12. Landline outage: Sunday, September 8 from approximately 09:30-14:00; Monday, September 9 from at least 05:30-14:30; Tuesday, September 10 from at least 05:00 – 10:45.
  13. Chicken eggs laid during outage = 24 (no electricity necessary!)
  14. Canadian Tire in Summerside sold an emergency order of 70 generators that arrived on the morning of September 9 by noon that day. Centennial Honda only had three chainsaws left on September 10, and were out of many parts. To make a fortune, corner the generator and chainsaw market before storms.
  15. CBC Maritime Noon should always be 2 hours, just like it used to be.
  16. Media people, including power company spokespeople, say “check our website for more information” a lot. It’s a reflex now, and one I don’t usually notice, except when I can’t access the Internet. Internet-connected devices and service are not affordable by everyone, nor can everyone navigate a computer, so they are left behind even when the power is on.
  17. Never seen before: round bale of straw floating down the river, bleach bottle that blew into our yard from somewhere.
  18. Injuries = 0. Trees on house = 0. Trees on power line to house = 1 huge spruce, still very much alive. Trees down in our forest = a lot more than at any other time in my lifetime, possibly because much of our forest grew up after the 1960 forest fire and isn’t that diverse (a lot of white spruce, poplar, and white birch). What looks to us like a big mess is the forest canopy opening up naturally to allow the next generation to thrive.
  19. I thought very little about the current US president, nor anything else, really. The world kept turning, I just worried about feeding my family, getting water, cleaning up the mess in the yard.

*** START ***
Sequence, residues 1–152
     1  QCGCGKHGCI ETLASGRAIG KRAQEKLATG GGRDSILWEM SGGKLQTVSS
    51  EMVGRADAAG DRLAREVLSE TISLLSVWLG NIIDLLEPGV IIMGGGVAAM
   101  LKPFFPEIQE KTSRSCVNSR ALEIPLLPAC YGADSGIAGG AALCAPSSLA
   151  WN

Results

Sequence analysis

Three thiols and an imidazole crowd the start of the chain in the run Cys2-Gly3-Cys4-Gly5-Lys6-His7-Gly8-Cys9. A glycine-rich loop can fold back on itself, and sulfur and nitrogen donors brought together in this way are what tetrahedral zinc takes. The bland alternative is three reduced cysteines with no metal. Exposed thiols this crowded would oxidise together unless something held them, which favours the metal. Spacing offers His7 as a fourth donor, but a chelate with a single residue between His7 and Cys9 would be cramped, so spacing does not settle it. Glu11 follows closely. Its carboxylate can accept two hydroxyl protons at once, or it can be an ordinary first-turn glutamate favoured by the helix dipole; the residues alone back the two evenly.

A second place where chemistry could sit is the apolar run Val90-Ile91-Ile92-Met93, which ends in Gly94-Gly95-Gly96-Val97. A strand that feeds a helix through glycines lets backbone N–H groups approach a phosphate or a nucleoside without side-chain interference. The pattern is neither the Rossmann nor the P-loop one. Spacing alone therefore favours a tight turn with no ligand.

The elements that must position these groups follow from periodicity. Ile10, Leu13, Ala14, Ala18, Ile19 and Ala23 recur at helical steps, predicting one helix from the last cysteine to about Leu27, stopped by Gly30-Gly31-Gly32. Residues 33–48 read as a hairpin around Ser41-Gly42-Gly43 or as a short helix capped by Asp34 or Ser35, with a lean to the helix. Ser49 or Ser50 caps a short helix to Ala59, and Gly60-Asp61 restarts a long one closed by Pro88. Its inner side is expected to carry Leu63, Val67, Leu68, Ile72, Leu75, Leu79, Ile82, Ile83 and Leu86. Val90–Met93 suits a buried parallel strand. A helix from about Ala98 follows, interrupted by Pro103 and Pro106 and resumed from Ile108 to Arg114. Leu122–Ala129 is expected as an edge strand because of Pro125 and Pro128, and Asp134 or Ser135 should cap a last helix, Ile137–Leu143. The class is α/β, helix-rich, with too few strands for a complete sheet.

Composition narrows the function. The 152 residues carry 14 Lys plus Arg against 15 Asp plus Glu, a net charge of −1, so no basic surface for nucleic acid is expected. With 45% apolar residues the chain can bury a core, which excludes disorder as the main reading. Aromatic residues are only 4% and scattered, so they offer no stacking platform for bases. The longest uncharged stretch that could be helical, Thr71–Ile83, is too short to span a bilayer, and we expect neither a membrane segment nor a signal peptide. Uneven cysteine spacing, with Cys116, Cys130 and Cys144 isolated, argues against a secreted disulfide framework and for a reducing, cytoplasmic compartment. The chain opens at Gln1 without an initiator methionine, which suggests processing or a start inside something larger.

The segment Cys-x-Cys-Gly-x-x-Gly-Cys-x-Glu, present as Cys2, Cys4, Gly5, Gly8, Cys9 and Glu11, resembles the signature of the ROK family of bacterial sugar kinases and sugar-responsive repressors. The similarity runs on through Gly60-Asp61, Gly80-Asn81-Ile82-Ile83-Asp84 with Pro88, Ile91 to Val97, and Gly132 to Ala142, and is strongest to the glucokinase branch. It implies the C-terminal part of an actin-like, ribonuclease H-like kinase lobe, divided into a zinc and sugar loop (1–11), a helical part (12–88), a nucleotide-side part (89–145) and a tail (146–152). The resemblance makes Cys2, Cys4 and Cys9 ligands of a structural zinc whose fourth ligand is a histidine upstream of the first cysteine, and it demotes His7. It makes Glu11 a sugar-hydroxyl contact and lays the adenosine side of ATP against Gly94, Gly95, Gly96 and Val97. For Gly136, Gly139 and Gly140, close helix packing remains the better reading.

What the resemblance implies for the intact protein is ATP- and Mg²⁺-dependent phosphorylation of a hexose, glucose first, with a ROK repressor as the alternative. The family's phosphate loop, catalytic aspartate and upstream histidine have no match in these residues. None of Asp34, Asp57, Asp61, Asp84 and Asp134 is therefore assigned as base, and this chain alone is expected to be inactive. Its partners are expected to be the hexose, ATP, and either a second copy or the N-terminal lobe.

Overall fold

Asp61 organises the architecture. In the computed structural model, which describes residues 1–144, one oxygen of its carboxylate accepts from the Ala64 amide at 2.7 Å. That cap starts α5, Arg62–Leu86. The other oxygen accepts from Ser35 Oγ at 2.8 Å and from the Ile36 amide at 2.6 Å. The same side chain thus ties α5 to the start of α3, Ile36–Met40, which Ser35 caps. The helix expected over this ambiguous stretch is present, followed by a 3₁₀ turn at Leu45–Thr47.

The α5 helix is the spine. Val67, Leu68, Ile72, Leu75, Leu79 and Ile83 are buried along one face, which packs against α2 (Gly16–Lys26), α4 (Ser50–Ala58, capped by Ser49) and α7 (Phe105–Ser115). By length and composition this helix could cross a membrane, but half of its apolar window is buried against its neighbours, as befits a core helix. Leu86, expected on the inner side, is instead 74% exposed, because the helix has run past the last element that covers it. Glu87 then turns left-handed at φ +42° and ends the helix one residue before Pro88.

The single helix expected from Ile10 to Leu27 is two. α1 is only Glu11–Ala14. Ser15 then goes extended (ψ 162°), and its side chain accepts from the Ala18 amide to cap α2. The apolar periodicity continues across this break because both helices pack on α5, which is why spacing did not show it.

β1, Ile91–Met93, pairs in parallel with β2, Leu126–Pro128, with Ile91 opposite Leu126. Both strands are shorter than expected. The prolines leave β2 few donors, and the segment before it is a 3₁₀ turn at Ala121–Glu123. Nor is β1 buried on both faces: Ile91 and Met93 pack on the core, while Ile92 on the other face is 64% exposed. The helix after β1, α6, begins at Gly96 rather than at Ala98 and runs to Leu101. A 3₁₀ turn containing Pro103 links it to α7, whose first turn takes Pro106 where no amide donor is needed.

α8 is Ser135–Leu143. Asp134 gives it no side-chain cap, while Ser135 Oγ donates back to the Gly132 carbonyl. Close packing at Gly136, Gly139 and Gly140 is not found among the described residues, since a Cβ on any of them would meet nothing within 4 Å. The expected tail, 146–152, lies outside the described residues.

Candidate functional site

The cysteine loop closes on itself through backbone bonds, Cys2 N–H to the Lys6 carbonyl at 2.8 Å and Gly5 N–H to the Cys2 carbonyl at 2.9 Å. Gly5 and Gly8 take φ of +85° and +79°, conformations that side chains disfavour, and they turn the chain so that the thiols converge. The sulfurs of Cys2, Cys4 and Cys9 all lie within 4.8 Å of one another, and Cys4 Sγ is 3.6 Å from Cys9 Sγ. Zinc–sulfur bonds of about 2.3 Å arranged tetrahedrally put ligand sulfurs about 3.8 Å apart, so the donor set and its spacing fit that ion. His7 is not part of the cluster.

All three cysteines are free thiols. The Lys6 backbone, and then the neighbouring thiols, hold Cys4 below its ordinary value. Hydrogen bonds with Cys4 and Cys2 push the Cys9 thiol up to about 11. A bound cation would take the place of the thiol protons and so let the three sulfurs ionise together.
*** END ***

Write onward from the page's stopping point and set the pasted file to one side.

The colours of fall.

6 Days, 3 Hours and 30 Minutes Later

Starting at around 7:00 p.m. this evening, a nice crew from Ontario Line Clearing in Coburg cut the huge old spruce tree and branches that came down on our power line on September 7 during post-tropical storm Dorian. By 8:45 p.m., a line crew had our power reconnected. I thought we would be without power for a couple more days, but these hard-working people really came through for us. Thank you. I’m happy to put the generator to bed for a nice long rest.

What Nature Wants

I noticed last week the lily-of-the-valley at the end of our lane were in bloom. There is no sweeter scent in early summer, even though my plant book tells me they are highly poisonous. This morning I set off to pick some.

Many trees came down in wind storms last winter, some large ones that were very much alive (including one giant that just grazed the gutters on our house!). One completely blocked my path to the patch, but I figured I could just squeeze by it .

As I reached out to move a branch, a robin flew off, and there was the most perfect nest, about two feet off of the ground, containing three eggs. I hurried past.

Seems the flowers had hurried past, too, and were starting to turn brown, so I’d missed my chance. I snapped a quick picture of the nest on my way back, mother robin sitting nervously in a nearby tree. She started shouting, and her mate joined in. I sped off, and calm returned.

It is good forestry practice to not be active in the woods this time of year while birds are still nesting, and this nest is a good reminder of why. It would take me less than a minute with my chainsaw to cut this skinny spruce up so I could toss it aside. I should have done it in late winter, but something always kept me from it.

But, really, nature doesn’t want or need me to cut that tree. The green needles will turn brown and fall off next year. The lower branches will decay and snow will pile on top year after year, and the branches will snap off. In a few years, the trunk will be on the ground, and the insects and microbes would really take over. In a couple of decades, the tree will be gone, having nourished other plants and trees.

In cutting the tree, I’m shaping nature to suit my needs, and I need to always be mindful of that. For now, what nature wants is for those three eggs to have a safe home, and for me to walk around another way.

Perfect nest made of mud, straw, moss, birch bark, and seaweed

(Only as I am getting ready to publish this post do I realise my first two posts heavily feature eggs. I suppose a blog should have a theme, but I rather thought the theme would be “what I’m obsessing about right now.” Guess I’m taking the hatching of a blog rather too seriously!)